What dishes to order in an Italian restaurant for a delicious and healthy dinner

How to order a healthy meal at an Italian restaurant | TheHealthSite.com

Not everything is carbohydrates in Italian cuisine.

Italian cuisine may be our first contact with international cuisine. We are not referring to pizzas, because rarely do you take a small child to a trattoria where the pizza dough is very thin and the selected ingredients and the ones we usually eat at home are more Amarican-style, but we all do As kids, we ate Italian pasta dishes, or at least very similar to those made in Italy (who didn’t like spaghetti with bolognese sauce?). Click here for reservation at Moers Restaurant.

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Italian food is one of the most famous and international in the world, but also one of the richest and most varied. Although this last data has not transcended all that we would like since it is still known for its pasta dishes and its pizzas. Two things that, in the era of carbohydrate terror, have almost become a taboo subject in meals. But as Dr. Agustín Molins, specialist in Nutrition and Dietetics and Aesthetic Medicine, and a member of Top Doctors, explains, “we must not go to the extreme of demonizing all carbohydrates.”

Can you eat healthy in an Italian restaurant?

If you’ve ever wondered if you can dine healthy in an Italian restaurant, the answer is yes, of course. “In a pizzeria, the main menu is pizza, obviously, but usually we come across the concept of a trattoria where Italian cuisine is very rich and varied,” says Dr. Molins. “It is easy to find rich and various salads and animal protein, such as baked salmon and sea bream, or meats such as ossobuco or veal.”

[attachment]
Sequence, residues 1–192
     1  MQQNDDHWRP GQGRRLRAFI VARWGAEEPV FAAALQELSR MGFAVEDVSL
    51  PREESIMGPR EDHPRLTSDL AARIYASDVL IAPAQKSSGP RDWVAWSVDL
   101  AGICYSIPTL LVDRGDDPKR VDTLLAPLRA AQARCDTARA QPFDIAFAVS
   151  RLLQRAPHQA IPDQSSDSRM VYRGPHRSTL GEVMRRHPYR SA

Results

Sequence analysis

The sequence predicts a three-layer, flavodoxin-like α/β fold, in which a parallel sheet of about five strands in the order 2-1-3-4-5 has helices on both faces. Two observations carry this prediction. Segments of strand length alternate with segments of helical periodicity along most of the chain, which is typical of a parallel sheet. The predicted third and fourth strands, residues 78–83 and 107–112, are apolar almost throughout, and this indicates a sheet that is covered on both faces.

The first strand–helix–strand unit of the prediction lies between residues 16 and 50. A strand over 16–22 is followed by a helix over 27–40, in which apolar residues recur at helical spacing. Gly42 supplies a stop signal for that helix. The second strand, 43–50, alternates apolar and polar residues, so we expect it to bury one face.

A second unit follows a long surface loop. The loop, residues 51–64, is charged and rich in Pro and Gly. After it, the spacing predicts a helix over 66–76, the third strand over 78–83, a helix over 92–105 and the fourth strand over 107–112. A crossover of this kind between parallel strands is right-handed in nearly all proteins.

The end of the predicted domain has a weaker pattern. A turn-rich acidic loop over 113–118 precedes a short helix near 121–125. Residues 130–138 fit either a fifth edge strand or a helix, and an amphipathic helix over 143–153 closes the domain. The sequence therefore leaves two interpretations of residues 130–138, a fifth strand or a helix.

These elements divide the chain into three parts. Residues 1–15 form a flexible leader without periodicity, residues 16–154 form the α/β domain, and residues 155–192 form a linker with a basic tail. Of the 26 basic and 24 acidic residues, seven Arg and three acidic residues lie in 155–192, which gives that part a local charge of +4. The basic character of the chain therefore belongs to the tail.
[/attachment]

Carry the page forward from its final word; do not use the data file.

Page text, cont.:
To Get Started

To begin with, of course, the typical rolls that are placed on the table as an aperitif are obvious. If you want to enjoy some good starters and “knowing that the second course is possibly pasta or pizza, it is best to choose to include more protein,” explains Dr. Molins. “For example, we can order a carpaccio with parmesan shavings. We have to avoid other proteins such as salami or prosciutto, but without a doubt, perhaps the best choice is a caprese salad based on tomato and mozzarella or burrata (although it has milk cream) with a little first-press olive oil and basil, arugula or lamb’s lettuce. “

If you are going to order pasta

There are always excellent meat and fish options, as Dr. Molins has already indicated, but usually when we go to an Italian restaurant it is to order a good plate of pasta or a pizza. If this is usually your case, don’t worry “a pasta dish can be more or less healthy depending on what goes with it.”

If we are going to order pasta, not only the ingredients matter but also the cooking. “An al dente pasta is digested more slowly, lowering its glycemic index,” explains Dr. Molins. In addition, “if possible, we have to choose whole wheat pasta as it will provide us with more fiber and will slow down the absorption of carbohydrates.”

In the case of the accompaniments, the key is to do it with “a lean protein such as shellfish, salmon, prawns or beef, as this will lower its glycemic load.” For example, spaghetti ai frutti di mare “which will provide protein, with more satiating effect and slower digestion.” We can also choose to order a vegetable lasagna “with broccoli, zucchini, walnuts and ricotta or a variety of vegetables, so that they add vitamins and fiber and thus lower its glycemic index. We can order some spinach cannelloni au gratin, to achieve the same effect. “

As for the sauces, “it is best to choose simple sauces, based on olive oil with tomato, onion, garlic, Provencal herbs, oregano, basil, etc., which are ingredients rich in antioxidants, and avoid milk creams and white sauces. “

What if we want pizza?

Imagine the pizza dough as a blank canvas where you can make dinner much healthier: everything will depend on the ingredients. “We have to choose the thin dough, as thin as possible, since that way we will reduce the carbohydrates in that dish,” explains Dr. Molins. And what about toppings? “The more fresh fruit and vegetables the better. The objective is to reduce the impact of carbohydrates in the refined flours of the dough, since they will provide more fiber, as well as vitamins and thus lower the glycemic index.